TWN Info Service on WTO and Trade Issues (Feb17/11)
13 February 2017
Third World Network
Azevedo pushing differentiation, negotiating North's agenda for MC11
Published in SUNS #8398 dated 9 February 2017
Geneva, 8 Feb (D. Ravi Kanth) -- The World Trade Organization director-general
Roberto Azevedo has told several trade envoys that differentiation among
developing countries would happen in the development dossier of the unfinished
Doha negotiations, trade envoys told SUNS.
During a meeting with the proponents seeking changes in the special and
differential treatment flexibilities in the Doha Development Agenda
negotiations on 3 February (Friday), the DG is reported to have said that two
things are going to happen in the run-up to the WTO's eleventh ministerial
meeting in Buenos Aires later this year.
First, differentiation among developing countries for availing special and
differential treatment (S&DT) flexibilities would happen as demanded by
major developed countries such as the United States, the European Union, Japan,
Canada, and Australia among others, Azevedo suggested, according to a trade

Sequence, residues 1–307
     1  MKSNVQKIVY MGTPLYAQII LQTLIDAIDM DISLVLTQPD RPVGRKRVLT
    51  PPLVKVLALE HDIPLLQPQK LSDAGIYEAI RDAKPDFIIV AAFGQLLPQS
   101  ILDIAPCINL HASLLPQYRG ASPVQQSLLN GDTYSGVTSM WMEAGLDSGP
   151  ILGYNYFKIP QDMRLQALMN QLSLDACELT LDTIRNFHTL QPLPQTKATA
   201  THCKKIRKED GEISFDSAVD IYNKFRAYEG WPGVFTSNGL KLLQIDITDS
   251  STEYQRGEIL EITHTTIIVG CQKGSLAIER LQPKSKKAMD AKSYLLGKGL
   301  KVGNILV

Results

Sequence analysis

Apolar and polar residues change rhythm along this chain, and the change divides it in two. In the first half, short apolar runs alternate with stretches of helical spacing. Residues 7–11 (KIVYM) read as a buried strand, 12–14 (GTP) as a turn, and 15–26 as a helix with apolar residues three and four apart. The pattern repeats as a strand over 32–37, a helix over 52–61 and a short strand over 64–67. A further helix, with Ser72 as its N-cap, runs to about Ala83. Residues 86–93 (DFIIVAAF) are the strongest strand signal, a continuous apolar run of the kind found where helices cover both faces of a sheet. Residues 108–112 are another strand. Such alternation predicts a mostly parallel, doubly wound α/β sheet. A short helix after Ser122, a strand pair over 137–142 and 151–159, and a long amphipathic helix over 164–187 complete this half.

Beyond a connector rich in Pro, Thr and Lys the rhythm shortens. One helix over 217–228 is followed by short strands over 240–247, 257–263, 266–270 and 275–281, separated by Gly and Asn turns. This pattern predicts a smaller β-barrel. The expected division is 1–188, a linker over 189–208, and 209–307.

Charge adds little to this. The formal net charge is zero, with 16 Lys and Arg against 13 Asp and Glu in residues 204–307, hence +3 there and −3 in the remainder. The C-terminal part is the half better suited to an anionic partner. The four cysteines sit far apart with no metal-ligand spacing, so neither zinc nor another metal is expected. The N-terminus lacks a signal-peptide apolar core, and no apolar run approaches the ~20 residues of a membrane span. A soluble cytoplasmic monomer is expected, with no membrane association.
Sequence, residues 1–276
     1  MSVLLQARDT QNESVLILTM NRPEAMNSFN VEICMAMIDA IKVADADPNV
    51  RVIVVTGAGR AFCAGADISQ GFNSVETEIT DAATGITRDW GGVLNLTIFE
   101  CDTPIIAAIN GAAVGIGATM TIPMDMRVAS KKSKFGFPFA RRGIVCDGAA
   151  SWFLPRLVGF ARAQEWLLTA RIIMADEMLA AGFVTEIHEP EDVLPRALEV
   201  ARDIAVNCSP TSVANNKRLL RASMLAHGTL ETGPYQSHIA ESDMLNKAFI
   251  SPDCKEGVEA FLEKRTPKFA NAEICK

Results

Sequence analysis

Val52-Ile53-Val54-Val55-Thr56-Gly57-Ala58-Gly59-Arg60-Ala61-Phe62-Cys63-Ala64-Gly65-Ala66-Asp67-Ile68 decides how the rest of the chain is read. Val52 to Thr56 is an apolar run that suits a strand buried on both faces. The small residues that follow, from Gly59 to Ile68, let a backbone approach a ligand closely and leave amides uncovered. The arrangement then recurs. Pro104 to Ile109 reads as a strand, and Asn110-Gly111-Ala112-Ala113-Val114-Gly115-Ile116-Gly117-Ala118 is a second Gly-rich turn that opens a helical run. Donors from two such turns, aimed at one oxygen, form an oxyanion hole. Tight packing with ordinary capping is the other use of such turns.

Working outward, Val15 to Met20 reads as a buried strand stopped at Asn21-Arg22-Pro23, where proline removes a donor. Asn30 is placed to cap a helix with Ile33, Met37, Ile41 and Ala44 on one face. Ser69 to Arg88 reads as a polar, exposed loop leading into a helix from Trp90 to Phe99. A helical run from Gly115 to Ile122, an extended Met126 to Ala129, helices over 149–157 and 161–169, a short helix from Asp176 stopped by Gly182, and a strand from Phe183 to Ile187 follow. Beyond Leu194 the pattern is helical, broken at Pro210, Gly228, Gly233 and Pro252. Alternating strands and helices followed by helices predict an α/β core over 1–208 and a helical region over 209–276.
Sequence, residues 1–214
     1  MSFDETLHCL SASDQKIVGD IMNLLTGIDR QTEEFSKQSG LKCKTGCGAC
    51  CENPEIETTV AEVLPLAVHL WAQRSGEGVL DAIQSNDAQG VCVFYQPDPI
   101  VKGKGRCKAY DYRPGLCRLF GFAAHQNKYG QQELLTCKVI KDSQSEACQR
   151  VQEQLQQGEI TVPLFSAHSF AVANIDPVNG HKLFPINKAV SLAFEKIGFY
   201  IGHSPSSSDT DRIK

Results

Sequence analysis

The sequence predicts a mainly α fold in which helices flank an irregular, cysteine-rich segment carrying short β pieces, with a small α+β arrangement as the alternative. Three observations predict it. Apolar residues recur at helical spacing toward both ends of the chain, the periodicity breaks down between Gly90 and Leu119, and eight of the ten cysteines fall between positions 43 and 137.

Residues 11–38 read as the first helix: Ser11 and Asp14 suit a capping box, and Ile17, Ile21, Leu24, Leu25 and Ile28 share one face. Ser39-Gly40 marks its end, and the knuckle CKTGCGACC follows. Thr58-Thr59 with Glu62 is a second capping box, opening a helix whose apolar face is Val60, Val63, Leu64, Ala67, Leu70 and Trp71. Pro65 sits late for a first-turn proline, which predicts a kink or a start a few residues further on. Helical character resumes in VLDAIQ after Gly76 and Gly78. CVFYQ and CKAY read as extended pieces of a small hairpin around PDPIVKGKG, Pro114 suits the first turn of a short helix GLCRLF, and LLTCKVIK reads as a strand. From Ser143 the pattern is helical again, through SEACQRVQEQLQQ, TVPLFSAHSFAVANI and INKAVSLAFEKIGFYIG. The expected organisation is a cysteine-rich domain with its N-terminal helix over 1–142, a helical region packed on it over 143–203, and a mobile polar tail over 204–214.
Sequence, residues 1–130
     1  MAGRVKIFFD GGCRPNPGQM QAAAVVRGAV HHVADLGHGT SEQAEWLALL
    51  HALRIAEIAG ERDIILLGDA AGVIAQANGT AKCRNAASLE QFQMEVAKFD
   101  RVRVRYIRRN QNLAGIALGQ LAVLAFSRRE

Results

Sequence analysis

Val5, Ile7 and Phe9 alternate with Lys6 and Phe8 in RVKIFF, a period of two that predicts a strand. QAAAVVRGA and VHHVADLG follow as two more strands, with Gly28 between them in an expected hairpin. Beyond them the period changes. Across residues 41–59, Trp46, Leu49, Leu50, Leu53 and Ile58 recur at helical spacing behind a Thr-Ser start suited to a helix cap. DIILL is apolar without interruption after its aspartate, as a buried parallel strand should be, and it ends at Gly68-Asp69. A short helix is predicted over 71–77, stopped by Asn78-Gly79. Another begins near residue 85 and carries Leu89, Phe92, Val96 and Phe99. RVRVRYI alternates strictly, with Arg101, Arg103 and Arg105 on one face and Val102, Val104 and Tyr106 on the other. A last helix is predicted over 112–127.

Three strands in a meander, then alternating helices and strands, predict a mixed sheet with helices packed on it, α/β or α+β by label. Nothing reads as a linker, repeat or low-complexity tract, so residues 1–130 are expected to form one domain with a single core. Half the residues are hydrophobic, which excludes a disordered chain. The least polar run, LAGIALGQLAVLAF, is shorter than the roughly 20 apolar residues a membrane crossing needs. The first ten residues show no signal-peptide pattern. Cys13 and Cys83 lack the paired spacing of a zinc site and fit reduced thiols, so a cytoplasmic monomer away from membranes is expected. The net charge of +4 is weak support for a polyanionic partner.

envoy from a least-developed country, who asked not to be quoted.
Second, the improvements in special and differential treatment or broad
exemptions covered in the S&DT flexibilities will only be available for
limited periods of time and not permanently, Azevedo maintained, the envoy
Fiji, on behalf of the small and vulnerable economies (SVEs), demanded outcomes
for improving 25 issues that fall under the monitoring mechanism.
The SVEs drew attention to the Bali ministerial decision under which members
had agreed to ensure that the monitoring mechanism acts as a focal point within
the WTO to analyse and review the implementation of S&DT provisions.
The developing countries sought improvements in S&DT provisions aimed at